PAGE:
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MMD > Archives > April 1998 > 1998.04.10 > 04Prev  Next

"Golden Age of Automatic Musical Instruments"
By Art Reblitz

My work on "The Golden Age of Automatic Musical Instruments" is
nearing completion.  For those of you who have heard of the title
but don't know anything else about it, here's some background.

Five years ago, Jasper Sanfilippo proposed the idea of a major book on
automatic music, illustrated with high-quality color photos of instru-
ments in his and two other large Midwestern collections.  Each of the
three collectors and their families generously open their collections
for MBSI and AMICA meetings, concerts and fund-raisers, but it's
impossible for visitors to drop in to see and hear the instruments
every day of the week.  Realizing that no collection remains together
forever, Jasper thought this would be the perfect time to publish such
a book.

Jim Krughoff and the third collector (who wishes to remain anonymous)
were immediately interested in participating.  Each collection adds a
different dimension to the project.  "The Golden Age" will compliment
the "Encyclopedia" and "Treasures," and will include music boxes,
mechanical pianos and organs, "nickelodeons" and orchestrions,
reproducing pianos, violin machines, fairground and dance organs,
photoplayers and theatre pipe organs.

It will include over 250 stunning color photographs of the instruments,
inside and out.  Each example was chosen for its careful restoration or
exceptional state of preservation, making the book a valuable guide to

It will also include a tribute to the pioneer collectors who preserved
the instruments when they had little or no value, with dozens of photos
of early collections that haven't appeared in any other book.  It
concludes with a chapter on collecting and preservation today, with
appendices packed full of musical and technical information.

The text answers questions like "Why was this instrument made?
What made it special?  Why is it of interest today?"  Musical and
mechanical comparisons explain why each instrument is unique.  What
makes a Coinola sound different from a Link? An Ampico from a Duo-Art?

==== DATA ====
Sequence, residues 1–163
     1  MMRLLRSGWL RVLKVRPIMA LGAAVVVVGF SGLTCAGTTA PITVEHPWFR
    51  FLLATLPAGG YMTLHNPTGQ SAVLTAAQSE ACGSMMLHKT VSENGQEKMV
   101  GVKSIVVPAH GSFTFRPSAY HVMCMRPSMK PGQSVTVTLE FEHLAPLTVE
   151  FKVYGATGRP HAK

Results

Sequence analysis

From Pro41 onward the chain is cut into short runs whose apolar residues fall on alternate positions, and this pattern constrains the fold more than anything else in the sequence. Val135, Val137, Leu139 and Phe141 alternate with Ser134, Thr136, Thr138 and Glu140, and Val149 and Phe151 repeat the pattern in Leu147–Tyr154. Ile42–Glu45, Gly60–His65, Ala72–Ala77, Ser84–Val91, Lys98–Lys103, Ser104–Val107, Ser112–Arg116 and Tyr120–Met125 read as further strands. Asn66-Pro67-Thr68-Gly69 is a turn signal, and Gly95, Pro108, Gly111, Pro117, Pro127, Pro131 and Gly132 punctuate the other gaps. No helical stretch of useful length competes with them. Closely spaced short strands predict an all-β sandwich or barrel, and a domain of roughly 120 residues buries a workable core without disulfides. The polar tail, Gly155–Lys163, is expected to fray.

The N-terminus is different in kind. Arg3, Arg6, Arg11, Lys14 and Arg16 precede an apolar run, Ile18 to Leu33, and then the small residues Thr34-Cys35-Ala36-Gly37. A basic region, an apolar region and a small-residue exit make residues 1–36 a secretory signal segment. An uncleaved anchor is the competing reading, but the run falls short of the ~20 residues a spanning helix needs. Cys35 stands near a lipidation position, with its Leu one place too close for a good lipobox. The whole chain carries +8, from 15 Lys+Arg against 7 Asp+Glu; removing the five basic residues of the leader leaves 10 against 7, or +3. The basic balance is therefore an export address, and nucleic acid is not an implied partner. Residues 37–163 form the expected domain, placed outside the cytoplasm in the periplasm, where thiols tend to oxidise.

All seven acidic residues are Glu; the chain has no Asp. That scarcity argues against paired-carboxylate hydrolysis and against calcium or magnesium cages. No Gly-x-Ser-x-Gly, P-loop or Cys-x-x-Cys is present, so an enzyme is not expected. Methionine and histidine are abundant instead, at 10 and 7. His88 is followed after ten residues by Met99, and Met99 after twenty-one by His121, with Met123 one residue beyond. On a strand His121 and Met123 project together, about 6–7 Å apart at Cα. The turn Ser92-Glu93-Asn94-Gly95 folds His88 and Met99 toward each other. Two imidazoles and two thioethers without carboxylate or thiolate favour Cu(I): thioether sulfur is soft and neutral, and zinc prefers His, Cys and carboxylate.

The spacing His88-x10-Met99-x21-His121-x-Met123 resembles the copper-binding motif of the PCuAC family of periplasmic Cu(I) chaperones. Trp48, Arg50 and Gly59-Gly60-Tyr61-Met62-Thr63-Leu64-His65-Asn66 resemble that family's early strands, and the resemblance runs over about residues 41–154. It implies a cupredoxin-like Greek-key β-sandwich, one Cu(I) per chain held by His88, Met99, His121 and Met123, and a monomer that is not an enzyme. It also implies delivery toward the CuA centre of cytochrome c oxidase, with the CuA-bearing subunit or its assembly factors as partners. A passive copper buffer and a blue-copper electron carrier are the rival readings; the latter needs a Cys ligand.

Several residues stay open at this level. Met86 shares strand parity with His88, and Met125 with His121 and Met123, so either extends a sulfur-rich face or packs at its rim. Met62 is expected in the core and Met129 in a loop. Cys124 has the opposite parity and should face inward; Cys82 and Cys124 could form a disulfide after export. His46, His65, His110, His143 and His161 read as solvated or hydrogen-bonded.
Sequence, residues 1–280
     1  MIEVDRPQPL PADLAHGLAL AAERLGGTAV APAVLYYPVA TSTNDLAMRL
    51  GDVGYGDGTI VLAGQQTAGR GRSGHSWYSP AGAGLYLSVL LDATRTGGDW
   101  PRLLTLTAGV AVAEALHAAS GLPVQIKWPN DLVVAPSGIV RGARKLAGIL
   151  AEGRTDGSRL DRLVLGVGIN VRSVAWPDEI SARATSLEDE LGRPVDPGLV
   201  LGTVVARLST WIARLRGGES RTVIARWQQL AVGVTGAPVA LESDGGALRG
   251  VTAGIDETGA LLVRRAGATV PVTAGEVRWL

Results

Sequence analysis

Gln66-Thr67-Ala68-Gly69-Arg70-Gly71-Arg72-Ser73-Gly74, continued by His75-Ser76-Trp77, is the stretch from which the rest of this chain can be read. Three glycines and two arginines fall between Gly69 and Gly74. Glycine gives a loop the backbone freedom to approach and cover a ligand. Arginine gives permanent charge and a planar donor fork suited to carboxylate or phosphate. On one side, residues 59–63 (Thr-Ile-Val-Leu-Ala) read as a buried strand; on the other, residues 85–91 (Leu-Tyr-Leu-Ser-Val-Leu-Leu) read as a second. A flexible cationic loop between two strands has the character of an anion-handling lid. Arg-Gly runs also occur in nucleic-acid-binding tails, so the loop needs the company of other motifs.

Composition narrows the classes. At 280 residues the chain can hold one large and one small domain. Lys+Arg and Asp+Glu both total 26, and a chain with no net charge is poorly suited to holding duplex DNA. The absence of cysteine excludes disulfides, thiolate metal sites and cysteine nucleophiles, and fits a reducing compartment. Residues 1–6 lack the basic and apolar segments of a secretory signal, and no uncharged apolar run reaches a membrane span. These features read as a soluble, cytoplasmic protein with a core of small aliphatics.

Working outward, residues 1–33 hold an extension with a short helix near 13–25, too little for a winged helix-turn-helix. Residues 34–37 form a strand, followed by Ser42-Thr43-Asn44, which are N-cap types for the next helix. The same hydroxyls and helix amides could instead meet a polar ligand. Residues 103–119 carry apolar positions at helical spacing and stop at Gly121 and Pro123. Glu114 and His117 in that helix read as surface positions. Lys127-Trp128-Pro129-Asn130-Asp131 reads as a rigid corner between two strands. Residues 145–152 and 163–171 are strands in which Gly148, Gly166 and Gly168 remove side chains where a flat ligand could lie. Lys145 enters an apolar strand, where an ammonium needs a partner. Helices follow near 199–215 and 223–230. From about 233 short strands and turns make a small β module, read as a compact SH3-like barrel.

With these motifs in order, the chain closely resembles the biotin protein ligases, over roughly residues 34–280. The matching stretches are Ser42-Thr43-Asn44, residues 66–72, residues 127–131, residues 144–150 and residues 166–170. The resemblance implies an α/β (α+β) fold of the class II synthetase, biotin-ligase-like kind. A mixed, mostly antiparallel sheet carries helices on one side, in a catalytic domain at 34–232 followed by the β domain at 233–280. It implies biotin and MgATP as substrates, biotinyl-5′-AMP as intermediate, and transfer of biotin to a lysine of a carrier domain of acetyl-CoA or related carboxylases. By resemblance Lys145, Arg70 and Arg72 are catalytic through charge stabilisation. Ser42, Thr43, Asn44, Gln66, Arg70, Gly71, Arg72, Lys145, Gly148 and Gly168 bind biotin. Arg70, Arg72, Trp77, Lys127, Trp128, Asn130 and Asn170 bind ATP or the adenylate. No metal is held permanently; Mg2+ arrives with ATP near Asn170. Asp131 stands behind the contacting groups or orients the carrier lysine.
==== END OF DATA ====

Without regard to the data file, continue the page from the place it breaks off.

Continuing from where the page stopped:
A PianOrchestra from a Helios?  A Limonaire from a Ruth?  It also
includes interesting anecdotes about specific instruments -- their
design, background, where they were found, how they came to be saved,

Leslie Schwartz (the photographer for the beautiful "Victorian Palace"
booklet) and I worked all last summer taking the color pictures.  I've
spent the winter on the text, which should be done within a couple of
months.  We're talking with several publishers, or we might self-
publish the book, using a professional layout artist and the finest
available scanning and printing.  When we know the price and date of
availability, we'll advertise it in the MBSI and AMICA bulletins and
other appropriate places.  The pricing structure will include a
dealers' discount, so it should be available from a number of sources
as long as it's in print.

By the way, if anyone has a few good, clear photos of groupings of
instruments in the major pre-1960 collections and restoration shops
-- Cliff House, Sutro's, the A.C. Raney collection, the B.A.B. organ
company, the Bovey restorations, the Mangels museum, Horn's Cars of
Yesterday, Boyer collection, etc. -- it's not too late to consider
them for inclusion.  I'm looking for further details on where John
Henry Hewlett obtained the pieces in his collection, exhibited in
New Orleans in 1938.

Art Reblitz

(Message sent Thu 9 Apr 1998, 19:01:46 GMT, from time zone GMT-0600.)

Key Words in Subject:  Age, Automatic, Golden, Instruments, Musical

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